Salvage operations began soon thereafter. Most of her cargo was saved, and temporary repairs were in progress when Alchiba was torpedoed again on 7 December. An enemy submarine's conning tower had been spotted shortly before two torpedoes were fired. One passed close under the cargo ship's stern, but the other struck ner port side near the engine room. The blast killed three men, wounded six others, and caused considerable structural damage. Once the fires and flooding were controlled, salvage operations resumed and enabled the ship to get underway for Tulagi on 27 December 1942. Alchiba remained there through 18 January 1943. On that day, she was moved to Espiritu Santo for further repair work. While at that island, the ship was redesignated AKA-6 on 1 February. She left Espiritu Santo on 6 May, bound for the west coast of the United States, and entered the Mare Island Navy Yard, Vallejo, Calif., on 2 June.

 

Her refurbishing there lasted until early August when she conducted sea trials off the California coast before sailing on 13 August for Port Hueneme, Calif., to take on cargo. Six days later, she headed for the South Pacific to continue her service providing logistics support for Allied fighting men. She made runs to New Caledonia and Guadalcanal and in mid-November, participated in the landings on Bougainville. Alchiba continued her supply duties in the Solomon Islands and New Caledonia through late March 1944. On the 25th, the ship began a voyage via Pearl Harbor back to the west coast of the United States.

 

On 30 May, Akhiba entered the Moore Drydock Co., Oakland Calif., to undergo extensive alterations and repairs. The work was completed late in August, and the cargo ship got underway for sea trials in San Francisco Bay. Engine trouble developed during these tests, and the ship returned to the yard on 1 September for further repairs. She took on cargo at the Hunters Point Navy Yard on the 22d and sailed once again for Espiritu Santo.

 

While en route, the ship experienced more engine problems, but she reached her destination on 9 October and commenced repair work. This process continued until early November, when the vessel shaped a course back to San Francisco. She arrived at the Mare Island Navy Yard, Vallejo, Calif., on the 29th and underwent extensive repairs to her main engine.

 

On 24 February 1945, Alchiba commenced sea trials but was forced to return to Mare Island two days later for still more work. Two weeks later, the ship sailed to Morehaven, Calif., to load cargo and got underway on 20 March for Pearl Harbor. During the run to Hawaii, the engines continued to give trouble, and Alchiba returned to San Francisco for further repairs, this time by the General Engineering & Drydock Corp.

 

The cargo ship left the shipyard on 3 June; sailed to the Naval Supply Depot, Oakland, Calif.; took on cargo there; and put to sea on the 15th, bound for Ulithi. While she was en route there, her destination was changed to Pearl Harbor because of still more engine trouble. Upon her arrival at Hawaii on the 24th, repair work was resumed. The ship sailed again on 8 July for Eniwetok, Marshall Islands; Ulithi, Caroline Islands; Guam, Mariana Islands; and Manila, Philippines. The end of World War II in mid-August found Alchiba in port at Ulithi unloading cargo. She remained on duty in the western Pacific through 26 October, when she was ordered back to the United States.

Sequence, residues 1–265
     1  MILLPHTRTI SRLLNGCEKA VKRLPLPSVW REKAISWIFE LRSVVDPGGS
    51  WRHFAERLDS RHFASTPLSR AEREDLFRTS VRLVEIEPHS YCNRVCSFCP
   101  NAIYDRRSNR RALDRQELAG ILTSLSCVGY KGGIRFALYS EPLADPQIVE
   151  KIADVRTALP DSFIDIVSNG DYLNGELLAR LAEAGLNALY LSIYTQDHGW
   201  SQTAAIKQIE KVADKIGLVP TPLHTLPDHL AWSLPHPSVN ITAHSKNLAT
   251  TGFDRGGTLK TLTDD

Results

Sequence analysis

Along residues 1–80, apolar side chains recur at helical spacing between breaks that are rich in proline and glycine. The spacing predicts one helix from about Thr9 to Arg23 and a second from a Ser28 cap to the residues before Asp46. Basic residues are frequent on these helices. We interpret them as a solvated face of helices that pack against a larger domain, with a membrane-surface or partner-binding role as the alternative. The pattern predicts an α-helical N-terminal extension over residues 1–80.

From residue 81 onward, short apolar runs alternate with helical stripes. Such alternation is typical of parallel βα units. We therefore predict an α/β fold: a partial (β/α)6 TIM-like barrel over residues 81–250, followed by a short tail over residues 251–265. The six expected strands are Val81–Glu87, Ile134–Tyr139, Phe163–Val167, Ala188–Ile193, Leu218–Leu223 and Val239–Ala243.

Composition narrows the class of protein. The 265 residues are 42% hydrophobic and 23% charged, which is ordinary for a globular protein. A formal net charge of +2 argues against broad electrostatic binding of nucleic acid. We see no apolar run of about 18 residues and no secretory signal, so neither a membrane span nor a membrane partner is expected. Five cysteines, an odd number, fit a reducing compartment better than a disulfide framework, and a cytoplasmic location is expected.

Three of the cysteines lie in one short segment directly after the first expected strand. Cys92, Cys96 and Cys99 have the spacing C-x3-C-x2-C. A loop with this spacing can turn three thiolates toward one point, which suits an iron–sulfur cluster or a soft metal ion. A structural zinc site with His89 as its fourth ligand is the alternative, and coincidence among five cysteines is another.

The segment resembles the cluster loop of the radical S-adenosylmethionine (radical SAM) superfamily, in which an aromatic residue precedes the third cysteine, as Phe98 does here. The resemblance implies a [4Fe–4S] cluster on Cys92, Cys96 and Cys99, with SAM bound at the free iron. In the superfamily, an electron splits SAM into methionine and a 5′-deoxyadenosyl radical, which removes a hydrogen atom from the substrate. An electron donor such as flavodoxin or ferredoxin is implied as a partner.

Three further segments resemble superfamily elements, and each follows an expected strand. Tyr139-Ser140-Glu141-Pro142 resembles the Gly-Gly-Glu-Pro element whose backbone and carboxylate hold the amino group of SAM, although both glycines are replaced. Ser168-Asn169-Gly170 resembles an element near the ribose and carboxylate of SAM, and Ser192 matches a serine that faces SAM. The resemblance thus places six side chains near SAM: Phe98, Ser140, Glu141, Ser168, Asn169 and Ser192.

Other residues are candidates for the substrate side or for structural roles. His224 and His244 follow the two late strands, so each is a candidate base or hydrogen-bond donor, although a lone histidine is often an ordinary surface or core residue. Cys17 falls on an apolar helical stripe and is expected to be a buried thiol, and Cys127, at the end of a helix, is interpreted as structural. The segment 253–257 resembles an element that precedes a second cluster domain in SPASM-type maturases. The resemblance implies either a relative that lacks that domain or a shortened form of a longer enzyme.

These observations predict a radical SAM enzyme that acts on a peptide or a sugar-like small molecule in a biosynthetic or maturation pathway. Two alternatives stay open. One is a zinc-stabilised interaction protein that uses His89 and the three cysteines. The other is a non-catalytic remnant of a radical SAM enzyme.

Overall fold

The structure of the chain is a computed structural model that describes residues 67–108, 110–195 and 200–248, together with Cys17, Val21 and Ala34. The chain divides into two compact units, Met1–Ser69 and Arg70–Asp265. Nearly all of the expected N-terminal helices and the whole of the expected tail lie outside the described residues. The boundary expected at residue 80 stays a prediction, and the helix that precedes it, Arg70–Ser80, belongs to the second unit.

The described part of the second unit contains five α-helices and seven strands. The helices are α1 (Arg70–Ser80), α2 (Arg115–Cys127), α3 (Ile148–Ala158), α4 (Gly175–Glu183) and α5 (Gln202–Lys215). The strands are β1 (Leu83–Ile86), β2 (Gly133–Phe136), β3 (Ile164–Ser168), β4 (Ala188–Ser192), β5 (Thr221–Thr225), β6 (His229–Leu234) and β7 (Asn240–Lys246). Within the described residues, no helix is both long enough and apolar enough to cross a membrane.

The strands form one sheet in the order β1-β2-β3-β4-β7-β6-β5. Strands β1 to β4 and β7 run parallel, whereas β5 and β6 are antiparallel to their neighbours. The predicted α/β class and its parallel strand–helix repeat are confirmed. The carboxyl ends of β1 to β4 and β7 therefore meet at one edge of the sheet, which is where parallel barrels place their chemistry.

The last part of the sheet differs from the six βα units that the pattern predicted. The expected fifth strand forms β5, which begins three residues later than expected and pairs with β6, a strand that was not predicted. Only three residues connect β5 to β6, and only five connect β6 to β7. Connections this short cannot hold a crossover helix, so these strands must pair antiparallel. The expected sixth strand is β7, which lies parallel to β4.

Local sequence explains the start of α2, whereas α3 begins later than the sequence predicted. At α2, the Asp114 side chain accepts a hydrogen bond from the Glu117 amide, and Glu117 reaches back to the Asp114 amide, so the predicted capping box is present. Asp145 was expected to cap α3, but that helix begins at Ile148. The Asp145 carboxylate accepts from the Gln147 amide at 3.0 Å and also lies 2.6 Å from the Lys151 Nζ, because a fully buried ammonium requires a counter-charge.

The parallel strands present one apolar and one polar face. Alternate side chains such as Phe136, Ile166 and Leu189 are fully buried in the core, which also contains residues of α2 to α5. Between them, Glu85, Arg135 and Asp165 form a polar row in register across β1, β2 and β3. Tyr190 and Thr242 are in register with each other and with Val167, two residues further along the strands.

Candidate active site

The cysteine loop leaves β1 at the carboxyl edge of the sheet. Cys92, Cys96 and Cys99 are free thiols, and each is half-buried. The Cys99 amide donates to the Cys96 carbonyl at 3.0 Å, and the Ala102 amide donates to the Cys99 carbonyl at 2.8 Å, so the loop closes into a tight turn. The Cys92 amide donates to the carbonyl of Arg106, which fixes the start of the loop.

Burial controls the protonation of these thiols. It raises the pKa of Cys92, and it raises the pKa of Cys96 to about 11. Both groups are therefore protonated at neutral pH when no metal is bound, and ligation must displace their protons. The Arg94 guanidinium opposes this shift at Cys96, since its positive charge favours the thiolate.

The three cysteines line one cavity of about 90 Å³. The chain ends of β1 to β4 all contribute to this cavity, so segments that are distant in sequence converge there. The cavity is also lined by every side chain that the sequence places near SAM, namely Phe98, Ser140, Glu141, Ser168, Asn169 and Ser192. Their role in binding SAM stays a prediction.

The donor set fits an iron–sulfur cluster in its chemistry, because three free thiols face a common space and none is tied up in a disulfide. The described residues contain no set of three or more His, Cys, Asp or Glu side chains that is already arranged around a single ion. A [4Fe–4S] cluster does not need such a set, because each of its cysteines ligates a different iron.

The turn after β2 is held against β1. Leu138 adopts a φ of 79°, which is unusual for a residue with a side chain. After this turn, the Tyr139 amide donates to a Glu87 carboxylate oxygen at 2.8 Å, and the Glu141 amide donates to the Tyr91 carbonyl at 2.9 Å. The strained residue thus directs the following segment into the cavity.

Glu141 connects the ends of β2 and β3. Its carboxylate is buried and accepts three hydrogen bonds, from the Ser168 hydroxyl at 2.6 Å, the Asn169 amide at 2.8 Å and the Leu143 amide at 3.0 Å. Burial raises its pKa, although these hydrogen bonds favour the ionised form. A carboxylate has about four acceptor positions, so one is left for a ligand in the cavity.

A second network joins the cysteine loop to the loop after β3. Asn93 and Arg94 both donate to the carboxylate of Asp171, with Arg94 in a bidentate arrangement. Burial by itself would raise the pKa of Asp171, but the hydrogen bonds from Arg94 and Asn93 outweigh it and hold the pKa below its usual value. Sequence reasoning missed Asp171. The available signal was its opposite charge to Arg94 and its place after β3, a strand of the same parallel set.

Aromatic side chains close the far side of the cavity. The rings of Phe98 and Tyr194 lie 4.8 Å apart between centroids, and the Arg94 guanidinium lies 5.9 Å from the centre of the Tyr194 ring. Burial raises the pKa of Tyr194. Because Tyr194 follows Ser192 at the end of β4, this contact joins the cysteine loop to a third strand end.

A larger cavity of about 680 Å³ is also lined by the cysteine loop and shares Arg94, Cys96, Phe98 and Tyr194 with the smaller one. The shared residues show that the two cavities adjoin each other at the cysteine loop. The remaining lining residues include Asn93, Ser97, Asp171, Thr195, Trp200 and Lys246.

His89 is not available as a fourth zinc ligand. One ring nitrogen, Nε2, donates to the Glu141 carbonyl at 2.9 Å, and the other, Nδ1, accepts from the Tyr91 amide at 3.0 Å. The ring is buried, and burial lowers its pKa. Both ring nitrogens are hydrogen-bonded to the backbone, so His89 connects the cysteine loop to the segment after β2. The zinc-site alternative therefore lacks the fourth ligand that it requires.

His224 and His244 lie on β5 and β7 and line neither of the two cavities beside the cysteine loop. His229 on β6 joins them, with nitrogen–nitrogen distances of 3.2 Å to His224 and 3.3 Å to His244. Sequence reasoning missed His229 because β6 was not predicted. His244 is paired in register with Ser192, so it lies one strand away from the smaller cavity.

Alchiba arrived at San Francisco on 19 November. Eight days later, she began a voyage to the east coast, transited the Panama Canal on 10 December, and sailed for Norfolk where she arrived on the 18th. Preparations for her deactivation then began. The ship was decommissioned at Portsmouth, Va., on 14 January 1946; and her name was struck from the Navy list on 25 February 1946. She was transferred on 19 July 1946 to the Maritime Commission for disposal. She was sold in 1948 and refitted for merchant service.

 

Alchiba won three battle stars for her World War II service, and was awarded a Presidential Unit Citation for her service at Guadalcanal from August through December 1942.

 

__________

 

Charles S. Winsor—an N3-S-A2-type freighter launched under a Maritime Commission contract (MC hull 2597) on 29 May 1945 at Decatur, Ala., by the Ingalls Shipbuilding Corp.—was acquired by the Navy from the Army on 12 June 1951 and renamed Alchiba (AK-261). That same day, she was loaned to the Republic of Korea. The cargo ship served Korea until early in 1960 when she was returned to the United States Navy. Her name was struck from the Navy list on 1 February 1960, and she was sold to Hong Kong Rolling Mills, Ltd., on 27 June 1960 for scrapping.

 

 

Alchiba (AK-23) afire off Lunga Point, Guadalcanal. Her camouflage pattern is interesting in that it is a Measure 12 (modified) variation, with the colors (ocean gray and Navy blue) reversed—the darker color on top, thus defeating the whole purpose of the scheme! (USMC 66457)